Trump would need Congress approval to drop sanctions if bill passes

(Tom Brenner/The New York Times)

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(Tom Brenner/The New York Times)

Sens. Sherrod Brown and Rob Portman predicted swift passage of a bill to impose new sanctions on Russia, North Korea and Iran while preventing President Donald Trump from scrapping Russian sanctions without congressional approval.

The agreement, reached early Saturday morning between House and Senate negotiators, clears the way for a House floor vote as early as Tuesday. The Trump administration has warned the Russian sanctions would tie its hands in negotiations with Russian President Vladimir Putin.

But lawmakers from both parties have dismissed the administration’s objections after U.S. intelligence asserting that Russia interfered in the presidential election as a way to damage the candidacy of Democrat Hillary Clinton.

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In addition, lawmakers are furious with North Korea following the death last month of Otto Warmbier of Wyoming, Ohio, after he was held in a North Korean prison. And they are eager to punish North Korea for testing a long-range ballistic missile this month which could reach Hawaii.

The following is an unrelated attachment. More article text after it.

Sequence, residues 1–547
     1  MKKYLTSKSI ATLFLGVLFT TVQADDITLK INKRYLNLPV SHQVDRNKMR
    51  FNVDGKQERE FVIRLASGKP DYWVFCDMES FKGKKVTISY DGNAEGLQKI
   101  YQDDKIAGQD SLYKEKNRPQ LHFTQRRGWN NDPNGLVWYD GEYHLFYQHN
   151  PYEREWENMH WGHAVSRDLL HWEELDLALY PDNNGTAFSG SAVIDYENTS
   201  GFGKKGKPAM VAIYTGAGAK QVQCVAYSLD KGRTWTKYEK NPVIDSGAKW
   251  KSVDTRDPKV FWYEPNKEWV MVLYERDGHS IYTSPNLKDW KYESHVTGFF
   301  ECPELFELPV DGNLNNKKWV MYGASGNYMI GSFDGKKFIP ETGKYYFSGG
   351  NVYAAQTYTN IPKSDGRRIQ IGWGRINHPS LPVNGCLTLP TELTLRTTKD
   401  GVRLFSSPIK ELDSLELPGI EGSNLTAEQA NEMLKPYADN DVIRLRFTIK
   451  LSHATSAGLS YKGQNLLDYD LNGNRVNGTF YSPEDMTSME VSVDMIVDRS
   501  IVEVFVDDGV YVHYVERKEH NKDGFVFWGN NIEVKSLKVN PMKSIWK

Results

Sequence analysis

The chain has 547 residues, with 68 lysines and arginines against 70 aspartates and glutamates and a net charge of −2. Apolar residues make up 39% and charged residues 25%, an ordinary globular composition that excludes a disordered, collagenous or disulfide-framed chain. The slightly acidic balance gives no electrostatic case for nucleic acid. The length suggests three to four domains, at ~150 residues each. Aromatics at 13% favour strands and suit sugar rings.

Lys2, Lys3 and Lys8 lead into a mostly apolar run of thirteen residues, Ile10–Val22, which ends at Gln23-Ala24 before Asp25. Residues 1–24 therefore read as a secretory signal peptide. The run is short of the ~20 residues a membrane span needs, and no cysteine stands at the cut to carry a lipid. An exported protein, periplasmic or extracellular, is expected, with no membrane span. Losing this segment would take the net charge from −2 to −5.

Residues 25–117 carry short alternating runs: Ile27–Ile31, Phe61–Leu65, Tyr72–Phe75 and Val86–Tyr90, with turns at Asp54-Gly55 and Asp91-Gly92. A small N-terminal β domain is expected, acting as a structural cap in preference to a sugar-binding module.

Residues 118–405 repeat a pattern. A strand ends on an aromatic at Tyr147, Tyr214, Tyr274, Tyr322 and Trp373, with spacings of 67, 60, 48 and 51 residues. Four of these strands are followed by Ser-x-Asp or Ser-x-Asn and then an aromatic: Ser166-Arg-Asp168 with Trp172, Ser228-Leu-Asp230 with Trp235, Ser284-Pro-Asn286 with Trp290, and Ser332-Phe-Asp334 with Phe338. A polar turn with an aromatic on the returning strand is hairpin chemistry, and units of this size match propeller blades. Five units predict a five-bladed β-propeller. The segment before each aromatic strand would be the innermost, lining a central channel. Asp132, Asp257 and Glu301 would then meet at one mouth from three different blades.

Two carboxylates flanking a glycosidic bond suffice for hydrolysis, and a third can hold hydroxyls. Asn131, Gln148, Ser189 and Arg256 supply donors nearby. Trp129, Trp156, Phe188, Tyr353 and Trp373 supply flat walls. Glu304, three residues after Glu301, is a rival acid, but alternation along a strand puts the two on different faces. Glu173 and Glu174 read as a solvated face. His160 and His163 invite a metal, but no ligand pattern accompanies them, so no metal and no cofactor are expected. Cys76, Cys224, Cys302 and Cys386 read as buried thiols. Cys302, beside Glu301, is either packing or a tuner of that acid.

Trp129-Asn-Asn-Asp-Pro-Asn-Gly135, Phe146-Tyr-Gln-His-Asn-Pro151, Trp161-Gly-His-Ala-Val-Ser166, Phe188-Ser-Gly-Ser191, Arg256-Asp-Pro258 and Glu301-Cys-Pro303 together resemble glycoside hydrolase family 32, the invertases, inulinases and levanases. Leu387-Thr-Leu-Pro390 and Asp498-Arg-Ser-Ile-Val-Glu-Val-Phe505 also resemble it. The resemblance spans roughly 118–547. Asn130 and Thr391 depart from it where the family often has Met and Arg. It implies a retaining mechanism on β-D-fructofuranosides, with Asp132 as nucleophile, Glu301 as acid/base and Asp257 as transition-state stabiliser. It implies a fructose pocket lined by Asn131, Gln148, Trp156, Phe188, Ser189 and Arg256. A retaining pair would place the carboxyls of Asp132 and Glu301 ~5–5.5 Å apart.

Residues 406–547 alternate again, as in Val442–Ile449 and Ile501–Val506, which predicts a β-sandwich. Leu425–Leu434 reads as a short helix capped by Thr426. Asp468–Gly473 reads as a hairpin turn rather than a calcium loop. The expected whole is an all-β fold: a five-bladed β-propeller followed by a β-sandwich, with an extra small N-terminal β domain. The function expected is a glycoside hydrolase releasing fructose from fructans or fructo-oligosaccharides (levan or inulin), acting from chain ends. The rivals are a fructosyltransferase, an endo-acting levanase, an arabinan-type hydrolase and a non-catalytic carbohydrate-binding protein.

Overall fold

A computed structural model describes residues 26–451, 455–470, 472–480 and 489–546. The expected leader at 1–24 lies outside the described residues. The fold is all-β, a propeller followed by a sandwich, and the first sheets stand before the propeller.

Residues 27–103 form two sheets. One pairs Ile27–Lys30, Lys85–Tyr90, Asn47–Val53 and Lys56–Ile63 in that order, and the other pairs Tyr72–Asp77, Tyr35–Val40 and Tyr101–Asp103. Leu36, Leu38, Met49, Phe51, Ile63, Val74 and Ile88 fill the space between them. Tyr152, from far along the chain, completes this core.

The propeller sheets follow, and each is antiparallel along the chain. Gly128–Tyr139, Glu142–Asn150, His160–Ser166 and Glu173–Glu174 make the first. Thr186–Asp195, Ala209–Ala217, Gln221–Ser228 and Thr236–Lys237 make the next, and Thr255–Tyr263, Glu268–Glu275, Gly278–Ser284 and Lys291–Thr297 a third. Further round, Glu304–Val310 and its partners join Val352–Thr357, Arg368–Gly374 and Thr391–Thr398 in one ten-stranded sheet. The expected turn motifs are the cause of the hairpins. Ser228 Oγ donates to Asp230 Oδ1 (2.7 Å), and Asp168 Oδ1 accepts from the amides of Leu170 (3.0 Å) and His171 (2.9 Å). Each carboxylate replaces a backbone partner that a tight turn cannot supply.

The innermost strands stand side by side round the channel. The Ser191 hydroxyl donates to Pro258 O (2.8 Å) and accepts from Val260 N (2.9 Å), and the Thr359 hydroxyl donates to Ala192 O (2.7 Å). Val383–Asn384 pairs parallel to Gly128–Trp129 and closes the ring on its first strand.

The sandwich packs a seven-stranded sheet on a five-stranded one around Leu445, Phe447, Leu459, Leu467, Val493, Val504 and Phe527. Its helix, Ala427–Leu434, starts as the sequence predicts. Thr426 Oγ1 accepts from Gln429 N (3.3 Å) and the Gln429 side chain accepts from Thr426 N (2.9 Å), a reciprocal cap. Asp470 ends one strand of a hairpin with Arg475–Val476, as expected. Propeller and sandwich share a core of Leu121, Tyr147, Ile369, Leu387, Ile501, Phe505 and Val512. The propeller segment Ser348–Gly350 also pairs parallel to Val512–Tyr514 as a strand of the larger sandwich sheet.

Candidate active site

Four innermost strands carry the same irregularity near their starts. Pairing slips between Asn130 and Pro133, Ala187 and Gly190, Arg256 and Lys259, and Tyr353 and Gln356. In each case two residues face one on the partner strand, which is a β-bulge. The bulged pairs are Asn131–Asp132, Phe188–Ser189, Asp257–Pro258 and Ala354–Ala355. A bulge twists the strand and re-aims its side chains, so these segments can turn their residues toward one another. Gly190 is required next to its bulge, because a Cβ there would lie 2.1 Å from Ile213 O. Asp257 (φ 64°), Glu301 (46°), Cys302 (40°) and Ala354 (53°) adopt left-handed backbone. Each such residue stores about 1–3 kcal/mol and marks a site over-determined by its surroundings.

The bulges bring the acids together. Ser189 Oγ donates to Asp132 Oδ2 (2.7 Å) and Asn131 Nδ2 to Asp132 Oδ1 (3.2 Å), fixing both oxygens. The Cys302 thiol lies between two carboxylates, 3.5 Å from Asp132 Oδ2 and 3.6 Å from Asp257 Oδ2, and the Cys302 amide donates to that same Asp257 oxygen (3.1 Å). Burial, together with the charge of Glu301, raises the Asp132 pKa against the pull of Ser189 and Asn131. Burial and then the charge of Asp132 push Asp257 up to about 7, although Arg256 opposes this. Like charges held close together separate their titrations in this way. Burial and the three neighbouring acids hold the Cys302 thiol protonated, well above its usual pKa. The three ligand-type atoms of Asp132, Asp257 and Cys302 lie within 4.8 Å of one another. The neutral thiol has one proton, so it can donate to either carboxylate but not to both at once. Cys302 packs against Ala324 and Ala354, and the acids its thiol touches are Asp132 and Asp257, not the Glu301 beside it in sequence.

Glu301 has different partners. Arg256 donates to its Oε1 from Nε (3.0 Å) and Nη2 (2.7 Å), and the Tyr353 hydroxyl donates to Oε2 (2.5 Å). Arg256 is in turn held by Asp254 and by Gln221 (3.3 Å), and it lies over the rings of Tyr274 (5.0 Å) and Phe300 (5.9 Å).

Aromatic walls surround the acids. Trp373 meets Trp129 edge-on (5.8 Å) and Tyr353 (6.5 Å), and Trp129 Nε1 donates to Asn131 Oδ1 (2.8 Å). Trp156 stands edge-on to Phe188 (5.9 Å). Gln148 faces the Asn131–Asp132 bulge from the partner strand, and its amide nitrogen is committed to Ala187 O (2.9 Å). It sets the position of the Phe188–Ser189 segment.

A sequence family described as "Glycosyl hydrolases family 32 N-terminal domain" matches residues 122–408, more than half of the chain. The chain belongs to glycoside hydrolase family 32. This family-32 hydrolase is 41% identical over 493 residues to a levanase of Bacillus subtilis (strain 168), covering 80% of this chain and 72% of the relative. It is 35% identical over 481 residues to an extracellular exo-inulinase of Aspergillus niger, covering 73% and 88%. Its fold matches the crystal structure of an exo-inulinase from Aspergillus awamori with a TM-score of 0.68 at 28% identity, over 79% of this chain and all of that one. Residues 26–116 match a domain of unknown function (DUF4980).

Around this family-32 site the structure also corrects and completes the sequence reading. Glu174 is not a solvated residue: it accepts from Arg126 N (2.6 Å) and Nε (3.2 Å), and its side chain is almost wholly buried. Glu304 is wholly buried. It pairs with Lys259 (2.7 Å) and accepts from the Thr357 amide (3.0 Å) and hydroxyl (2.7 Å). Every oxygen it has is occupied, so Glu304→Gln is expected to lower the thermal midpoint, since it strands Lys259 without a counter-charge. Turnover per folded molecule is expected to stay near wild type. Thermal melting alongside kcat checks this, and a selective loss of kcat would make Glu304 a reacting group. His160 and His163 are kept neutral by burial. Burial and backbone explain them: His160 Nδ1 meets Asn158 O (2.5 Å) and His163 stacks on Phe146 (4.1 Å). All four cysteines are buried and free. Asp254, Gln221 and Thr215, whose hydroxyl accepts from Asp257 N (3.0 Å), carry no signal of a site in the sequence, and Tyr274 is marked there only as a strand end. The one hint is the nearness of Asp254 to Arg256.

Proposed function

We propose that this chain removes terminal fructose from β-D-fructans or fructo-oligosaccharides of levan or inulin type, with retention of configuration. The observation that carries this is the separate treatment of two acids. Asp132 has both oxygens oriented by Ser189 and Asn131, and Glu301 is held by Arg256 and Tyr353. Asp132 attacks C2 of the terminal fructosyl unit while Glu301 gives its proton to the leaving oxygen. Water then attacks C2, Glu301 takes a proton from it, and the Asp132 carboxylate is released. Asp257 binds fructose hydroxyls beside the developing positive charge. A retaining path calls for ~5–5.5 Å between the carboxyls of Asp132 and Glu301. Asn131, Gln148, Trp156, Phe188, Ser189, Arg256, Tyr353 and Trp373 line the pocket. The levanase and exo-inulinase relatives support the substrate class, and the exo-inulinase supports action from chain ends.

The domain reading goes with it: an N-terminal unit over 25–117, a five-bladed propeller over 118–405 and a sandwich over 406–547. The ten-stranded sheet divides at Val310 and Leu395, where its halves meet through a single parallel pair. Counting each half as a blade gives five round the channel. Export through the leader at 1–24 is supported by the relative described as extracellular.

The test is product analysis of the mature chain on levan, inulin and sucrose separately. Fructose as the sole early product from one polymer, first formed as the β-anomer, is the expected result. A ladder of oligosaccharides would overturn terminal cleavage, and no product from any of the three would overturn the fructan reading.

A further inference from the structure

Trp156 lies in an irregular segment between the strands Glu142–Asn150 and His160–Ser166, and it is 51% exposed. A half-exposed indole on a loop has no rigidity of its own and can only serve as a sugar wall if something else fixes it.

Portman said Saturday that Congress “must hold Iran and Russia accountable for their aggressive and destabilizing behavior and I look forward to the House passing” the bill this week.

“The important sanctions and policies included in this legislation will also provide constructive guidance to the administration as it continues to formulate its policies and demonstrate the depth of the support in Congress for a firm and principled approach to Russia, Iran, and North Korea,” Portman said.

In a separate statement, Brown said the bill “sends a clear message to Moscow that the United States will not tolerate Russian attacks on democracy - from interference in our elections to aggression in Ukraine.”

“North Korea must face consequences for its nuclear weapons and missile testing program and its human rights abuses, including the despicable actions that took the life of Otto Warmbier and its continued imprisonment of American citizens,” Brown said.

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Warmbier died last month in Cincinnati just days after he was returned in a coma to his home. Physicians at the University of Cincinnati Medical Center said the University of Virginia student had suffered an extensive loss of brain tissue and was unresponsive.

Warmbier had gone to North Korea as a tourist on his way to Hong Kong for a study-abroad program, but he was stopped when he tried to leave the country. After a sham trial, he was sentenced to 15 years of hard labor.

By a vote of 98-2, the Senate approved the sanctions on Russia and Iran last month, punishing Iran for testing ballistic missiles. The House in May passed a bill imposing additional restrictions against North Korea by a vote of 419-to-1.

House and Senate negotiators combined the two bills, which will require floor votes by the House and Senate.

The bill would enact into law sanctions imposed by then-President Barack Obama in 2014 after Russian annexed Crimea and sponsored a separatist war in eastern Ukraine. It also would impose sanctions on those believed to have interfered with the election.

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